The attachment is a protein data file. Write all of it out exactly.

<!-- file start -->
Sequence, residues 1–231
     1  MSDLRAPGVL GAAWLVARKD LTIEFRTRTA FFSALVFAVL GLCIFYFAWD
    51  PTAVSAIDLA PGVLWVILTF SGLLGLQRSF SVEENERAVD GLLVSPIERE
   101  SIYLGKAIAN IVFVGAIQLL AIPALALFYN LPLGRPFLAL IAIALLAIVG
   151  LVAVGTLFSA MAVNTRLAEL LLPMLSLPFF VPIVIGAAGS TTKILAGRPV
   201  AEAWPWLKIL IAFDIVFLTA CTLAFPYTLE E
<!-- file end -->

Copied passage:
Sequence, residues 1–231
     1  MSDLRAPGVL GAAWLVARKD LTIEFRTRTA FFSALVFAVL GLCIFYFAWD
    51  PTAVSAIDLA PGVLWVILTF SGLLGLQRSF SVEENERAVD GLLVSPIERE
   101  SIYLGKAIAN IVFVGAIQLL AIPALALFYN LPLGRPFLAL IAIALLAIVG
   151  LVAVGTLFSA MAVNTRLAEL LLPMLSLPFF VPIVIGAAGS TTKILAGRPV
   201  AEAWPWLKIL IAFDIVFLTA CTLAFPYTLE E